Federal judge allows Grider-Faller suit against nine to stand
In Aug. 31 - Sep. 6, 2006 issue
By Greg Wells, Times Journal Managing Editor
BOWLING GREEN, Ky. - This week Federal Judge Thomas Russell delivered a number of decisions in the lawsuit brought by Leon Grider and James Faller against a number of local officials and business people.
The judge's order dealt with over 20 motions in the case originally filed last April by Grider, a Russell Springs pharmacist and drug store owner, against the nine people he alleges worked together in a plot to wrongfully accuse him of committing crimes. At the same time, he states, the defendants were actually committing crimes against him.
Faller filed papers to join the lawsuit that same month alleging that the same people, with the addition of a few others, were guilty of conspiring to commit crimes against him as well.
In the judge's order this week the defendants' various motions to dismiss the case, or for summary judgment in the case, were denied, allowing Grider's lawsuit to continue. The judge noted this denial is for the original complaint, and that they may file such motions in regard to the amended complaint, as some already have.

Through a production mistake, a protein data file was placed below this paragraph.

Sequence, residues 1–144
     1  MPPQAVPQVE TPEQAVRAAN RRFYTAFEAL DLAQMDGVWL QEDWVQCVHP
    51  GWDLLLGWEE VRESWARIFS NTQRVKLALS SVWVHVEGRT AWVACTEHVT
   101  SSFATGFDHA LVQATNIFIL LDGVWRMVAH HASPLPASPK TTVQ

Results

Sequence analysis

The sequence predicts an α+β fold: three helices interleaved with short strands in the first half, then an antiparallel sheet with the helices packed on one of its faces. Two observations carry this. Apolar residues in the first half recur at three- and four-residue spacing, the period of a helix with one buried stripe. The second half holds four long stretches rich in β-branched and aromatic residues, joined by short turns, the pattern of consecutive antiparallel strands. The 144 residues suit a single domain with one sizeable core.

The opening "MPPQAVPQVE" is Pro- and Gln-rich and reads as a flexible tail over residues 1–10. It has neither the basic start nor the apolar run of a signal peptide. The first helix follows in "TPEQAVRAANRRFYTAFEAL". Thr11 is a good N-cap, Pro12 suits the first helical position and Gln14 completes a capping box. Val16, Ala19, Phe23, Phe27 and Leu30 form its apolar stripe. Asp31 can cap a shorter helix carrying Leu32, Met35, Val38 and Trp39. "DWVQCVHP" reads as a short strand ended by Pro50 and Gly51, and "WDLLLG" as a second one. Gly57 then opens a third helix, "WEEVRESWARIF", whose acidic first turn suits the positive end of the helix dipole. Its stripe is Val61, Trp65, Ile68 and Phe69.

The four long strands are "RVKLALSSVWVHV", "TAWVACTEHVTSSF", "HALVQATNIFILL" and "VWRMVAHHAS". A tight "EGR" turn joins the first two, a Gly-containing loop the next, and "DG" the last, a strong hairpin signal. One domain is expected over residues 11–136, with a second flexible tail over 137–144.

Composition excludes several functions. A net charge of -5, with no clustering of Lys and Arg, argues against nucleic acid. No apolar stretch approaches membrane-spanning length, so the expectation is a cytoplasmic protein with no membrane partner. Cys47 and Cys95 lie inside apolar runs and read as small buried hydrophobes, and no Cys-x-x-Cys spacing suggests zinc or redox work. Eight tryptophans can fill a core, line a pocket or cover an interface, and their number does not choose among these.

The motions to prohibit the amendment to the original lawsuit were also denied by the judge.
Motions by Samuel J. Tarter that he was not properly served were denied and he was given 10 days to respond to the lawsuit.
The motions, responses and counter-motions were set aside regarding issues over having two of the defendants served with the lawsuit, and the plaintiffs were directed to give copies of the papers they wanted served to the Kentucky State Police, so they or the lawyer representing the KSP detective named in the case can serve them.
The suit was brought in the U.S. District Court in Bowling Green by Grider and Faller alleging violations of the federal racketeering, or RICO, laws.